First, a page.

Conway's Game of Life in React
14 July 2018 |
Implementing Conway’s game of life can be a fun way of diving into a new language and/or framework, as it requires quite a bit more than your average ‘hello world’ program. It gives you a chance to have a good play in your new sandpit and learn about your new tools.
Click on the game board to add some starting cells. Clicking and dragging adds lots of cells. Once you have some cells, you can use the buttons below to start and stop the game.
In this case, I was trying out some ideas for state management in React that didn’t use
setState or any third party state management libraries. What I wanted was to severely limit the number of stateful React components and use pure components wherever possible. I also didn’t want to get bogged down in tedious boilerplate for state management.
What I ended up doing, in essence, was re-creating MVC in React, but keeping it nice and simple and making it as functional as possible.
Basic MVC in React
Interestingly, this was not the goal, but ended up as the solution. I wanted to decouple the state management from the view and the game logic, so I wrote a
Repository class that held the state, along with a couple of getter and setter functions. To avoid side-effects, the repository functions are pure and do not modify the state, instead they always return a new copy of it. This served as the ‘M’ of MVC.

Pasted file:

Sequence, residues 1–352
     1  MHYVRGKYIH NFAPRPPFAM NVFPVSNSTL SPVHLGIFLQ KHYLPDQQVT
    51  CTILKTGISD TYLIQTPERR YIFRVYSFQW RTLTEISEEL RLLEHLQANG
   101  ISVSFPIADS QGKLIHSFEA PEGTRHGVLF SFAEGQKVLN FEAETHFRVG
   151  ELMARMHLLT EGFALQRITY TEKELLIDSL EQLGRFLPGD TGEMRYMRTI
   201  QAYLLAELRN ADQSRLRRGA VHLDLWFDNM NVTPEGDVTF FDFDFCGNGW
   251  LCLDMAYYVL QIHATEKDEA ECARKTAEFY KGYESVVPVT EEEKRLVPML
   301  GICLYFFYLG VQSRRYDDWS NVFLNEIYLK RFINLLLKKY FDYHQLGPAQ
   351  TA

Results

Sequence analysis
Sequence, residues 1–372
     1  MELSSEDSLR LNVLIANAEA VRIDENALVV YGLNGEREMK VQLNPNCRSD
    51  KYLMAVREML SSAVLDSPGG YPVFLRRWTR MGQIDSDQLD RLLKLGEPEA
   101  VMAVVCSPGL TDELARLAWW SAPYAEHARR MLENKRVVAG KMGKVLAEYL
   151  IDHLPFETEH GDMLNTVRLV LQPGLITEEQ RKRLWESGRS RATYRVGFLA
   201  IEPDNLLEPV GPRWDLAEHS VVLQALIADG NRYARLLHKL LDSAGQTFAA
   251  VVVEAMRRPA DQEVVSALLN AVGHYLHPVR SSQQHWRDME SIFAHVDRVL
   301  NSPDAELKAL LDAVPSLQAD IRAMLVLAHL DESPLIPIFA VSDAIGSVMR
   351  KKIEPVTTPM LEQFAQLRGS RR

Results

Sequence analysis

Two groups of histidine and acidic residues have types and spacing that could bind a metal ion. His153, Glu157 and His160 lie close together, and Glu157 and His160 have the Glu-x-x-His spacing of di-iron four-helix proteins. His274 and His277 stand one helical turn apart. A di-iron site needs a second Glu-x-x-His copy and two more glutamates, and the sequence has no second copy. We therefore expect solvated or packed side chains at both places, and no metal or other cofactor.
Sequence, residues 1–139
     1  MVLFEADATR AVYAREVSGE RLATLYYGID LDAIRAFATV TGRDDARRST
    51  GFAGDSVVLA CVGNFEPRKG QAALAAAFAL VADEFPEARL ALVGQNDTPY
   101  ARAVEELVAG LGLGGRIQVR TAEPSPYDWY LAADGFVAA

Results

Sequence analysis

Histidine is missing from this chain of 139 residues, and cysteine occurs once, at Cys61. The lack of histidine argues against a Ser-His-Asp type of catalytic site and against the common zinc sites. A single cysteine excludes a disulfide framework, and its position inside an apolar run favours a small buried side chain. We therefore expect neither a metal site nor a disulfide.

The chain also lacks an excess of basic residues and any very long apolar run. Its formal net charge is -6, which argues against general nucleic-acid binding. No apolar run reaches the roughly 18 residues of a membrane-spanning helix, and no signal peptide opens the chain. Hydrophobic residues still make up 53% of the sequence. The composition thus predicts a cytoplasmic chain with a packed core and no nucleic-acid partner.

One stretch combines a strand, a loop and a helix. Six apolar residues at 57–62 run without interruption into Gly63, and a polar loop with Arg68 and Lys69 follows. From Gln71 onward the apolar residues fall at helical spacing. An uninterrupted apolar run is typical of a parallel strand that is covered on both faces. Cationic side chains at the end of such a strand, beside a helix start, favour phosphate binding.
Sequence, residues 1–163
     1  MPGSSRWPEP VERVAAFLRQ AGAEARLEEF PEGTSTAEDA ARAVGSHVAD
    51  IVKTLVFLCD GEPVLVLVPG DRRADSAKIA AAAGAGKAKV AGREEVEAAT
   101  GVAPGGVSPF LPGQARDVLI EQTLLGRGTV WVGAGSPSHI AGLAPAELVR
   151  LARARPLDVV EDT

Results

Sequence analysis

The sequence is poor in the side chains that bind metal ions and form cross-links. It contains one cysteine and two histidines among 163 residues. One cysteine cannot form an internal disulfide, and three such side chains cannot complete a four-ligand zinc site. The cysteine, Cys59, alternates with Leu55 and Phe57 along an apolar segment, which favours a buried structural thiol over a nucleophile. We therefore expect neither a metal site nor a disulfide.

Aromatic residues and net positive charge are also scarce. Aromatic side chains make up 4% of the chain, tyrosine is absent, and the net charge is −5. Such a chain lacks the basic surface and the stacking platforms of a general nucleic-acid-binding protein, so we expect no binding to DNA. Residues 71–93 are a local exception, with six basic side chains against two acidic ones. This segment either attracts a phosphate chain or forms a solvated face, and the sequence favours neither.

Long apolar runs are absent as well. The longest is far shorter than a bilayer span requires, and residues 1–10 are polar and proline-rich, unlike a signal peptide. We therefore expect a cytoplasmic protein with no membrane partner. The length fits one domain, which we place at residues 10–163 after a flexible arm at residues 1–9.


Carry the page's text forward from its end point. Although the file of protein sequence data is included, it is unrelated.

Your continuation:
Next, I wrote the React components, keeping them all completely pure (with the exception of the root, which apparently must be a class-based stateful component). The game state is passed into the root component of the game and divided up amoungst the child components as required. This constituted the ‘V’.
Lastly, I put the game logic into a seperate controller file, satisfying the ‘C’. The view doesn’t know anything about the game state model, so for every action the game wants to perform, it calls out to a function in the controller. These functions deal with basic game logic (starting and pausing, rendering the next frame, etc) and, in turn, hit the repository to update the state with the new values.
I really like the way this has turned out becuase it’s so easy to modify. The decoupling between the components makes it really simple to add new functionality. All I have to do is write a new controller ‘action’ function and pass it into the relevant view component. The action function will take care of talking to the state repository and the repository itself takes care of updating and maintaining the state.
The implementation details of any given part of the system can be ripped out (and, in fact, have been) and replaced without affecting the rest of it. It’s also fairly light weight. There’s no magic here, just basic JS functions being, well, functional.